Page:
Lost in a barrage of big plays and defensive ridiculousness, forgotten amid the late-game “We want Dallas!” chants at FedEx Field, the biggest moment Sunday night came on a quarterback sneak. It started as a bold admission of who the Washington Redskins are — an offense-driven team — and ended with explicit reassurance that there’s nothing wrong with that.
Washington led Green Bay 29-24 with 6:12 remaining and faced a fourth down and one at its own 41-yard line. For many teams, it would’ve been time to play it conservatively, punt and hope the defense could stave off Aaron Rodgers. But the game was too crazy to be conventional. Punter Tress Way would’ve been kicking into a wind so strong that Coach Jay Gruden opted not to have Dustin Hopkins kick an extra point into it late in the second quarter. And the competition had turned into a shootout long before, including a seven-minute stretch that included four straight touchdowns — two by each team, all on long plays or easy drives — from late in the third quarter to early in the fourth. So, on fourth down, Gruden decided to go for it.
“It was a half a yard, and the wind was pretty strong in our face,” he said.
It was a daring decision, and considering both the situation and how this team is built, it was the only decision.
“I think you had to do it,” Cousins said.
Cousins got the first down on the sneak. About two minutes later, running back Rob Kelley scored his second of three touchdowns to provide a Rodgers-safe cushion. By the end, Washington had registered an emphatic 42-24 victory in prime time.
It was the best win of the season. It was proof that, under pressure, the Washington offense can resist self-destruction and lead the team. So much of this season, and so much of the future of this offense, is about proving that the unit can be an elite, team-carrying group. If so, it will be much easier to continue with a salary cap slanted toward the offense and its high-priced players. If it can’t, then Washington will need to balance its payroll.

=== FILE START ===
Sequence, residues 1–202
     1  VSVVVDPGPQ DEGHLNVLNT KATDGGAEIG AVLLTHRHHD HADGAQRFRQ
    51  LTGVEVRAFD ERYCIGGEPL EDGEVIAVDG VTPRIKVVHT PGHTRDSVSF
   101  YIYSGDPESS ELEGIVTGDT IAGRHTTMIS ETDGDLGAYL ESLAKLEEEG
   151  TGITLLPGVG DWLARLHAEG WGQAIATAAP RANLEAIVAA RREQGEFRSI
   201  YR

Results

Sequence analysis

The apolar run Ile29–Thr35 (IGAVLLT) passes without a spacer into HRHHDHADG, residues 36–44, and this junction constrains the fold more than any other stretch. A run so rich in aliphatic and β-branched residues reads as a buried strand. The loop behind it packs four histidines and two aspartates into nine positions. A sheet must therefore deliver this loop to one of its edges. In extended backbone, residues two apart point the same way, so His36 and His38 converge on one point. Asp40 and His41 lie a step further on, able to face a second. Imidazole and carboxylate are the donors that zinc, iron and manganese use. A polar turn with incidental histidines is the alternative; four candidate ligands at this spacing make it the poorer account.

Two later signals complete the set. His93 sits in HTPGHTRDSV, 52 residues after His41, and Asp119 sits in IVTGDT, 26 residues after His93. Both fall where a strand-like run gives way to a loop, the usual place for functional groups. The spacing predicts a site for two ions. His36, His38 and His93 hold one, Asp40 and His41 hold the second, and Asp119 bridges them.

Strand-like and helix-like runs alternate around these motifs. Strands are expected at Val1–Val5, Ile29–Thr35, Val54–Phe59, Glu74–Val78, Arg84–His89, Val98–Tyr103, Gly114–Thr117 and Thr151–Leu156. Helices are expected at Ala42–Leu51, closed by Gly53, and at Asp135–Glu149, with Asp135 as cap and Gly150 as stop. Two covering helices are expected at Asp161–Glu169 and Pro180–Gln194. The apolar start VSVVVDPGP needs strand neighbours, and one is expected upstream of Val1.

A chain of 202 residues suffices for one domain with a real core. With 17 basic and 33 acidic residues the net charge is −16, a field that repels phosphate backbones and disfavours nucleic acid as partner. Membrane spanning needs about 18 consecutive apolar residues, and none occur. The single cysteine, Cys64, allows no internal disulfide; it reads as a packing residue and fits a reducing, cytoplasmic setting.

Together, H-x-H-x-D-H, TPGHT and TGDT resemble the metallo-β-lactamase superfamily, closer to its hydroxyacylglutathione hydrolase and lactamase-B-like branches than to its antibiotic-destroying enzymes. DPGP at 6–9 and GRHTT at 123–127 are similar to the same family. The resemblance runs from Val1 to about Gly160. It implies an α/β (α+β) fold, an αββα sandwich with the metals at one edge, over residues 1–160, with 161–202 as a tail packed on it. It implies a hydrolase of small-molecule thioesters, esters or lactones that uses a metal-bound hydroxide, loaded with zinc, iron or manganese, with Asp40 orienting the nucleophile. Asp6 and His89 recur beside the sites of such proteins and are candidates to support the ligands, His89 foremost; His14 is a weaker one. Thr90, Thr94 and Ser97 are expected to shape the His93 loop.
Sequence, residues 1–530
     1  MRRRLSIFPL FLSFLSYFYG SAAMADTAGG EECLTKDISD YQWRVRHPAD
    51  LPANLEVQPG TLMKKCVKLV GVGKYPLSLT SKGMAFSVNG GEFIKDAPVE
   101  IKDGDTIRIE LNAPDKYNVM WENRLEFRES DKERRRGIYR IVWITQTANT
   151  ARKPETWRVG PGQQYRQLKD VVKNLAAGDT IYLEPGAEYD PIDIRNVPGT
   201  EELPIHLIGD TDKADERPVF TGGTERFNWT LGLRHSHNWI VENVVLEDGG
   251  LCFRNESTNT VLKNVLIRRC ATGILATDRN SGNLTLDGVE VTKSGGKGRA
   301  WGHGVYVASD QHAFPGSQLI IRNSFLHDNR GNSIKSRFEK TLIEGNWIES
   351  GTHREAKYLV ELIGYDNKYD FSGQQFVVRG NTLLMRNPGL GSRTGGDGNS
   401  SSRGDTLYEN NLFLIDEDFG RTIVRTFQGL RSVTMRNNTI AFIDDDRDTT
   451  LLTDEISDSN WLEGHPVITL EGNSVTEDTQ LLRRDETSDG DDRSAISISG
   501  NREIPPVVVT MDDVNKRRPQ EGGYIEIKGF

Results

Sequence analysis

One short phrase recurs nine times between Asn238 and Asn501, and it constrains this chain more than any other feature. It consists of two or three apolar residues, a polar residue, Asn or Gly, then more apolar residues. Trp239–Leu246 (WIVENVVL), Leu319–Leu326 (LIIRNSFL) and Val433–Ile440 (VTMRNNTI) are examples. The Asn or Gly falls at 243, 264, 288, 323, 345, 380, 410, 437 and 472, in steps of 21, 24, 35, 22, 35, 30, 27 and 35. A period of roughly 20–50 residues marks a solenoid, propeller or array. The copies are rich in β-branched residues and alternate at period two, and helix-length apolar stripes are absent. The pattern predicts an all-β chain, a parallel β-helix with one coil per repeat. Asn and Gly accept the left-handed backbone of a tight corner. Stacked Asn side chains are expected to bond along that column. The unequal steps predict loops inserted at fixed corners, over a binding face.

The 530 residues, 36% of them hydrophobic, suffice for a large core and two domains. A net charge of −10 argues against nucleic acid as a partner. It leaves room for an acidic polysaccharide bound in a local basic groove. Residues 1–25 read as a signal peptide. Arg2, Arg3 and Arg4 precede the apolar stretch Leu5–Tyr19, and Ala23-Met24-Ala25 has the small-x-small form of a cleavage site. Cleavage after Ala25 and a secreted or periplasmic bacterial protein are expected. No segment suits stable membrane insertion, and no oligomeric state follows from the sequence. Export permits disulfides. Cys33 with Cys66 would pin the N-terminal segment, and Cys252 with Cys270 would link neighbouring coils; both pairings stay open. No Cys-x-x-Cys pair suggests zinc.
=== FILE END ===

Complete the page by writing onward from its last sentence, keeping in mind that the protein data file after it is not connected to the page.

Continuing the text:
What you saw against Green Bay was persuasive. Sure, the Packers (4-6) have lost four games in a row, and their defense had allowed 37 points per game over the previous three weeks. The Packers had given up 47 points to Tennessee their most recent time out. But linebacker Clay Matthews was back, and Green Bay, one of the NFL’s most consistent teams, was desperate. And despite all of the struggles, the Green Bay defense entered the game ranking 10th in the league in total defense.
No matter how you looked at it, this was a legitimate test for the Washington offense. For the entire team, too. If the Packers were really that bad, Washington needed to show it could dominate. If the Packers still had championship-caliber resilience, Washington needed to show it could stand up to an experienced group. Add this game to the mounting evidence that Washington is more solid than it appears during its seemingly obligatory bouts of erratic play.
A team with a long recent history of struggling in these big moments, Washington showcased its virtue. Cousins had the finest outing of his career. It wasn’t just about numbers, but those were stellar: 21 for 30 for 375 yards, three touchdowns, no turnovers and a 145.8 passer rating. What mattered most is that Cousins played like the best player in a stadium that included Rodgers, the most dangerous quarterback on the planet. Cousins won a shootout with Rodgers, who threw for 351 yards and three touchdowns.